The American Red Cross urgently needs both blood and platelet donations to ensure an adequate supply for patients all summer long. Eligible donors with types O negative, B negative and A negative blood are especially encouraged to give. Type O negative is the universal blood type and can be transfused to anyone who needs blood. Types A negative and B negative can be transfused to Rh positive or negative patients.
Summer is a particularly challenging time to ensure a sufficient supply of blood and platelets is available for patients. Many regular donors become busy with summer activities and are unable to make giving blood a priority. Those who are able to fit blood or platelet donation into their schedules can be lifesavers for patients in need.
MEET THE MAUGHAN FAMILY Every parent has heard horror stories about the “terrible twos.” Most parents brace themselves to deal with tantrums, but they never imagine their toddler having to face a life-threatening illness. The “terrible twos” now have a very different meaning for the Maughan family.
Angie and Kevin Maughan thought their toddler, James, had come down with a case of the chicken pox. But, what they thought was a normal childhood illness turned out to be anything but normal. James was diagnosed on Mother’s Day with a rapidly-spreading and potentially deadly form of meningitis.
Bacteria had devastated the 2-year-old’s body and he was given little chance of surviving. However, through medical care and daily transfusions of lifesaving blood, platelets and plasma, James managed to ward off the bacteria.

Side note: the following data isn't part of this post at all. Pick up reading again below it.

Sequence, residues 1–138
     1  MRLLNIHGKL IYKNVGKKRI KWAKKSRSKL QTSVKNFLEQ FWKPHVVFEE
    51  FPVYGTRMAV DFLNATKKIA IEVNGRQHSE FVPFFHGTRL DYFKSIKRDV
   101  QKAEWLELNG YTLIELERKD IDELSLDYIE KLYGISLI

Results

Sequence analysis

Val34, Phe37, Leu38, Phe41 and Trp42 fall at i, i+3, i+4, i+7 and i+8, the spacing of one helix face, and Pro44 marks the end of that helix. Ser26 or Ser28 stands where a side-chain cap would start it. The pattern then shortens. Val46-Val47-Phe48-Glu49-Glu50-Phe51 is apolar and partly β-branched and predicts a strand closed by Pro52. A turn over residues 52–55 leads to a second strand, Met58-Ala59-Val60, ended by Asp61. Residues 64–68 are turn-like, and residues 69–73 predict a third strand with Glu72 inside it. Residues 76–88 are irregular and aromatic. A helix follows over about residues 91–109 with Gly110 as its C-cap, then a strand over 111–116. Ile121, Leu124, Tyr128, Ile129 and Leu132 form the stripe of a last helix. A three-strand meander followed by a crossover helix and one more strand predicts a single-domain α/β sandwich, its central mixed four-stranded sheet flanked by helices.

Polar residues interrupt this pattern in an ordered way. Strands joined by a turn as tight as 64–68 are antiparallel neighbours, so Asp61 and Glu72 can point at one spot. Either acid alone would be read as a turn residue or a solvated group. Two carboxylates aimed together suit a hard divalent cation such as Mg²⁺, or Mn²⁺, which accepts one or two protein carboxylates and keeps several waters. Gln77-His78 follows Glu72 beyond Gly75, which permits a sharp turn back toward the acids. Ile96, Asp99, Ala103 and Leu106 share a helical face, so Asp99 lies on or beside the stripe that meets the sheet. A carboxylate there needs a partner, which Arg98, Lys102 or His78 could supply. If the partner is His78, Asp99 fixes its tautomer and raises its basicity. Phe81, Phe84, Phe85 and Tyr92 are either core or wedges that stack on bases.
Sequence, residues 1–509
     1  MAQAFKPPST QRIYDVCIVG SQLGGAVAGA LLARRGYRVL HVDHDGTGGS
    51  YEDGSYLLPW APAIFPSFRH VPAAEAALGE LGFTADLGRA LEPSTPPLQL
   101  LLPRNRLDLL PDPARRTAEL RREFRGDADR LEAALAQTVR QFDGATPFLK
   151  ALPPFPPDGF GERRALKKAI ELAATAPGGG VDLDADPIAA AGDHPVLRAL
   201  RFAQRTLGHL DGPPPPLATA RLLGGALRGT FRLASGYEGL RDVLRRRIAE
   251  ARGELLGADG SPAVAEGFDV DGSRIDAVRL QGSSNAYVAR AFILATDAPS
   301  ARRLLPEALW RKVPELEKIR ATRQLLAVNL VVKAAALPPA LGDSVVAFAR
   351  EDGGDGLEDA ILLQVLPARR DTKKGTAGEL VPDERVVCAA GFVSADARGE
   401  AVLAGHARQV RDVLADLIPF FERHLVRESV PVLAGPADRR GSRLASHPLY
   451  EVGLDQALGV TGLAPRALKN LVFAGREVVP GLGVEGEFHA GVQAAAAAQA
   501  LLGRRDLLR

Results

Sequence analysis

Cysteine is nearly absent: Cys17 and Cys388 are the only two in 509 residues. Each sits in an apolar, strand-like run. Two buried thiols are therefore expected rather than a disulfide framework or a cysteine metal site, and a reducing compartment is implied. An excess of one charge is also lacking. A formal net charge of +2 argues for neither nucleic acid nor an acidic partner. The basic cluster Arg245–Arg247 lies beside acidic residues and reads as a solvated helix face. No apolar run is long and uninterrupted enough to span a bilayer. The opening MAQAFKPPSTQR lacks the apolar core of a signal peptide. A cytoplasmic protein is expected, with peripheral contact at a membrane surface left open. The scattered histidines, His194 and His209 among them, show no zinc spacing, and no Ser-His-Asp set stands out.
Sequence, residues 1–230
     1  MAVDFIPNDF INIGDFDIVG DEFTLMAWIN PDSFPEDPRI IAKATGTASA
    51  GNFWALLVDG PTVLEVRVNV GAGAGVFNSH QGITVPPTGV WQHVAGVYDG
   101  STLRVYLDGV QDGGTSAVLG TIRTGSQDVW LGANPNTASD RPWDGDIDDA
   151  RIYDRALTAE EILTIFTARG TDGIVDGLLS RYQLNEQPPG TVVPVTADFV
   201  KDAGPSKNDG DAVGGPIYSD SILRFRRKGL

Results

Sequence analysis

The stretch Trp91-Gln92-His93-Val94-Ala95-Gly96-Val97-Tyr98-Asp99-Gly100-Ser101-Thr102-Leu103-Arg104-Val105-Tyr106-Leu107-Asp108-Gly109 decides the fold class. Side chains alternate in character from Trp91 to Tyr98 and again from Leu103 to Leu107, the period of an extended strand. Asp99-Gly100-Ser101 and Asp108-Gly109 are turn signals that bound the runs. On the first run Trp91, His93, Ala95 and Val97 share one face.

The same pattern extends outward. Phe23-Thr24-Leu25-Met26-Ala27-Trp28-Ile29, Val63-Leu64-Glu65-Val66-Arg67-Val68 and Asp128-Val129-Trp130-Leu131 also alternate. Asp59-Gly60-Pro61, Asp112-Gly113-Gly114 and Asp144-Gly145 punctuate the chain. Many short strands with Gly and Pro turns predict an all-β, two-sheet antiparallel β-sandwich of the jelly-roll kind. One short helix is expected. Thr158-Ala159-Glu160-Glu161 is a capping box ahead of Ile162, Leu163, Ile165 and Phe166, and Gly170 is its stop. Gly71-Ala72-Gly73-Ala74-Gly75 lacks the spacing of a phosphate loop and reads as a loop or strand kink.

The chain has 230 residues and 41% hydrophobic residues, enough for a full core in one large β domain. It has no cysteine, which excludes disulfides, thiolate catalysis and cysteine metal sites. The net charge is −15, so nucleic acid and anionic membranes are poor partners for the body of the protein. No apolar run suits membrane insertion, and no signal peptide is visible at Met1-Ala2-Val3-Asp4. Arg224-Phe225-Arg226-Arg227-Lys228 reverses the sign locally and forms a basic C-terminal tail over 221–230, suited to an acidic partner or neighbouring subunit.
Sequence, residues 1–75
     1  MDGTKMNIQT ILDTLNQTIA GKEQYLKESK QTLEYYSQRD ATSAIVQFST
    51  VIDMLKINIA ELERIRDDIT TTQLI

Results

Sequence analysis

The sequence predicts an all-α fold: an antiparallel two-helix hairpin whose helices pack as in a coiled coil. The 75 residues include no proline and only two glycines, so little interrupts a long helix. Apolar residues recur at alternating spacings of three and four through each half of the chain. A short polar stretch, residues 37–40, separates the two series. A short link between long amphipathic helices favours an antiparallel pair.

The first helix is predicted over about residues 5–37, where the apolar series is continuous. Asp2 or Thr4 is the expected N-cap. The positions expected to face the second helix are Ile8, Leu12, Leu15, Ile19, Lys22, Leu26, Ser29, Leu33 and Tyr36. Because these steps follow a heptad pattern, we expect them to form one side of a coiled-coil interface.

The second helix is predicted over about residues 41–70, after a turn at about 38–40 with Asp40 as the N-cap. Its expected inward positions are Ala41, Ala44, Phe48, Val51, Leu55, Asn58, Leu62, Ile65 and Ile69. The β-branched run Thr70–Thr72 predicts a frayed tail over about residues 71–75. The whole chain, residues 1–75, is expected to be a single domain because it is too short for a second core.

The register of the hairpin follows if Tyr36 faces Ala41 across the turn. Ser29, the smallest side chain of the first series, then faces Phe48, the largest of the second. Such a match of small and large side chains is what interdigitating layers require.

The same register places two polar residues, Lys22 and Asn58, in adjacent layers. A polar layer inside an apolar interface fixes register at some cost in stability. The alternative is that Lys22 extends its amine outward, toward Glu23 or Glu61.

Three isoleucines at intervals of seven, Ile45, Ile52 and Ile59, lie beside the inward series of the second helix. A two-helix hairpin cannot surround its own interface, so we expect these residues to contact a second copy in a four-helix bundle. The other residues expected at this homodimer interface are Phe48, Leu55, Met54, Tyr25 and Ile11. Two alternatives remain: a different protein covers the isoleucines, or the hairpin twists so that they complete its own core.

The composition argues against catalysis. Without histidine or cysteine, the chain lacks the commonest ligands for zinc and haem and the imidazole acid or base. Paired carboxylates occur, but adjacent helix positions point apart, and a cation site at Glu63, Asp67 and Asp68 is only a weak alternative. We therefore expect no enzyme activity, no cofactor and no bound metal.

“The spots were continuing to grow, covering 90 percent of his body by two a.m.,” Angela said. “He received five plasma transfusions over five days and more blood transfusions (whole blood and platelets) than I could count.”
Unfortunately, before the bacterial meningitis subsided, it destroyed most of the capillaries in James’ body, preventing proper circulation to his limbs. As a result, on June 3, James underwent amputation surgery of his left leg, right hand and middle finger on his left hand.
James and his parents still have a long recovery in front of them, but the help of family and friends has made the journey a little easier. Just last month, they hosted a Red Cross blood drive in honor of James to help ensure patients like him across the country have the lifesaving blood products they need. They far exceeded their 80-unit goal, collecting 120 units total.
“When we walked in and saw the number of people, all of the chairs for donors were full,” Angela said. “We were very overwhelmed, impressed and amazed.”
“It was heartwarming, enough to make you want to cry,” said Kevin.
Through this experience the Maughan family has learned the importance of blood donations. “James wouldn’t have lived without them past day one,” Angela said, and is encouraging others to donate as often as possible. “Don’t wait to donate blood, do it as soon as you can.”
HOW TO GIVE For more information about donating blood, or to make an appointment to donate blood or platelets, please visit redcrossblood.org or call 1-800-RED CROSS (1-800-733-2767). Individuals who are at least 17 years of age (16 with parental consent in some states), weigh at least 110 pounds and be in good health may be eligible to donate blood. High school students and other donors 18 years of age and younger also have to meet certain height and weight requirements.